I heard my mother talking; I took it all for fun.
She said I would ride the Frankfort train, before I was




    The songs of this group are epic; rather than lyric as
are those in VII, above. They are recitals of local tragedies
-murders, assassinations, feudal battles, and disasters.

25: A detailed recital of a domestic tragedy on the Brushy
Fork of Blaine: Adams, overhearing his wife and her para-
mour, shoots her and attempts suicide.
    FLOYD FiAEzu. 3abcb, 16: A recital of Frazier's mur-
der of Ellen Flannery: he hides her body under a pile of
stones; later, is arrested, makes confession, and is placed in
Pineville, Ky., jail to await execution.
    TALT HALL, ii, 3abcb. 8: A recital of Hall's murder of
Frank Salyers, his arrest in Tennessee, his confinement in
the Gladeville, Va., jail, and his execution in Richmond, Va.
    WILLIAM BAKER, 3abcb, 12: A recital of Baker's mur-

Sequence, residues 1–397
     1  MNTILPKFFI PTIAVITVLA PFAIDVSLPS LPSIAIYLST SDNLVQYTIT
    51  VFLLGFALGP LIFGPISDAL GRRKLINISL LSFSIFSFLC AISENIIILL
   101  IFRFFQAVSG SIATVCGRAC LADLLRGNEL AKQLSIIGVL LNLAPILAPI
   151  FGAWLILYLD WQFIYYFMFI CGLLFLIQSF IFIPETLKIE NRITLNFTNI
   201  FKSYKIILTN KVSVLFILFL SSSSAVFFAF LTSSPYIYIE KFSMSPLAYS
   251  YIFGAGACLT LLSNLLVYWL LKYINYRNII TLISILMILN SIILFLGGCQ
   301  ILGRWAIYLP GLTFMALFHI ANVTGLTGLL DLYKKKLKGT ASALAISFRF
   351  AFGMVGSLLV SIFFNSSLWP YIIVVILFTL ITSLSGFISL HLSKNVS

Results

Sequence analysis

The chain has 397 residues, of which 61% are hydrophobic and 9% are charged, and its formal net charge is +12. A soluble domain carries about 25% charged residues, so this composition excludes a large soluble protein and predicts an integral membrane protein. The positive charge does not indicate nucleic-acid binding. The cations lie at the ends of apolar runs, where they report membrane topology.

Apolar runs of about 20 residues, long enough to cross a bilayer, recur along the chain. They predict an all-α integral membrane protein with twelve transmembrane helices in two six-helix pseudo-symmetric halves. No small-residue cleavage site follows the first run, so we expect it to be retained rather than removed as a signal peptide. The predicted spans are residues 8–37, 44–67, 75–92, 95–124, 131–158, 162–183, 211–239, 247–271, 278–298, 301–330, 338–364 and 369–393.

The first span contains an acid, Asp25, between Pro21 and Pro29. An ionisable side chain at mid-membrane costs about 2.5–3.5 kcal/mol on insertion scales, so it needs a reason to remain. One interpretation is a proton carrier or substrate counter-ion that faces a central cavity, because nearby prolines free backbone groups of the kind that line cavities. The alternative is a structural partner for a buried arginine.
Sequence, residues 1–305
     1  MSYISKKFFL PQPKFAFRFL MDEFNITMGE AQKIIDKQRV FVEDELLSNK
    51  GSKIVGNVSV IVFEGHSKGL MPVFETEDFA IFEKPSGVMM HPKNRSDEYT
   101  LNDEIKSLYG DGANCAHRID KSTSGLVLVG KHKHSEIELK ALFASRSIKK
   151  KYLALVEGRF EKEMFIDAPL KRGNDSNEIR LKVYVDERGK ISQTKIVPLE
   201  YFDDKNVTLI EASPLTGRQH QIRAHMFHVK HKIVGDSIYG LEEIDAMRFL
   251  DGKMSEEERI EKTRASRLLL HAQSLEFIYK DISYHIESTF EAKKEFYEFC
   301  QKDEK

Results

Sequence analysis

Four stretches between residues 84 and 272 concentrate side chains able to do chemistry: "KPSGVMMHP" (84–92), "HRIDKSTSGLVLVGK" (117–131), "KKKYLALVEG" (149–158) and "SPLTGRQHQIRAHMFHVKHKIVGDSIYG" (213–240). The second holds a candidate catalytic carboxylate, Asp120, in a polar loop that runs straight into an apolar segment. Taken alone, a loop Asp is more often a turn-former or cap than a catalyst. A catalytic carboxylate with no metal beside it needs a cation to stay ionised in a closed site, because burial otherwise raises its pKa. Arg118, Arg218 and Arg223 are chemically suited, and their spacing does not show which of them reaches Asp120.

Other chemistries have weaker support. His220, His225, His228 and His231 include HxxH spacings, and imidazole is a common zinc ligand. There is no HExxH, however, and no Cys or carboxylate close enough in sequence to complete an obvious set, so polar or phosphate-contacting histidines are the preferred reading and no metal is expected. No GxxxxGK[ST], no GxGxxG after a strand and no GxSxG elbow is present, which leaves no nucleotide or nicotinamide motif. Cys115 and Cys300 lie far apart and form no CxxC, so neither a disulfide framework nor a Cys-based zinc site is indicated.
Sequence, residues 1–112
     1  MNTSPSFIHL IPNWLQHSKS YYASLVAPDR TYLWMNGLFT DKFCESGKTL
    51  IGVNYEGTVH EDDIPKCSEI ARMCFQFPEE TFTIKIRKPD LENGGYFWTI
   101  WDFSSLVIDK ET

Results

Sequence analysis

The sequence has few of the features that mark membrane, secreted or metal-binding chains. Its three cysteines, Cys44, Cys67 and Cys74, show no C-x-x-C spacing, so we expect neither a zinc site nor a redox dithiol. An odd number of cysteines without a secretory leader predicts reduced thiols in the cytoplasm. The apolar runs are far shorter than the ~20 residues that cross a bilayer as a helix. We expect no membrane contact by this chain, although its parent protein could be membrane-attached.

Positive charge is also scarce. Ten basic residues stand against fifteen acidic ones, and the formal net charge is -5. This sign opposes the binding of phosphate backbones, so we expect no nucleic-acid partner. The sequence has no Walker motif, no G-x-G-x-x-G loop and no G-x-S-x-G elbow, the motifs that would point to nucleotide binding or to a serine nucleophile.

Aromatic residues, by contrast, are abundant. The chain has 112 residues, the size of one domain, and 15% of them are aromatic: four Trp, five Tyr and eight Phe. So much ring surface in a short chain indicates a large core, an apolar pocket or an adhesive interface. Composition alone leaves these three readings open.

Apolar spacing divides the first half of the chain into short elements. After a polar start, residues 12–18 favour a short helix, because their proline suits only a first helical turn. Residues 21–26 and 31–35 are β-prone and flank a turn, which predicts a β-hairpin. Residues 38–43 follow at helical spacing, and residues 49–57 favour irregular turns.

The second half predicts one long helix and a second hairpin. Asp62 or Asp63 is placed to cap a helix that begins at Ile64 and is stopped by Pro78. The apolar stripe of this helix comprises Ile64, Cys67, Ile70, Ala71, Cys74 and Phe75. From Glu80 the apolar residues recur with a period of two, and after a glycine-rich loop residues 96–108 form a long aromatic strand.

der of one Prewitt in Clay County, Ky.: he hides the body
in the woods and tells Prewitt's wife that her husband had
deserted her.
    POOR GOENs, 4aabb, 5: A recital of the betrayal and
murder of Goens for the purpose of robbery, on Black-spur
    THE ROWAN COUNTY TRAGEDY, ii, 3abcb, 26: A de-
tailed account of a feudal battle in Morehead, Ky., on elec-
tion day, and of the succeeding events connected with the
arrest of the participants.
    JoiiN T. PARKER, 4aabb, 12: An account of the drown-
ina of Parker in the Kentucky River one winter night, as,
with three companions, he essays to cross, but their boat is
capsized in the wash from the steamboat Blue Wings.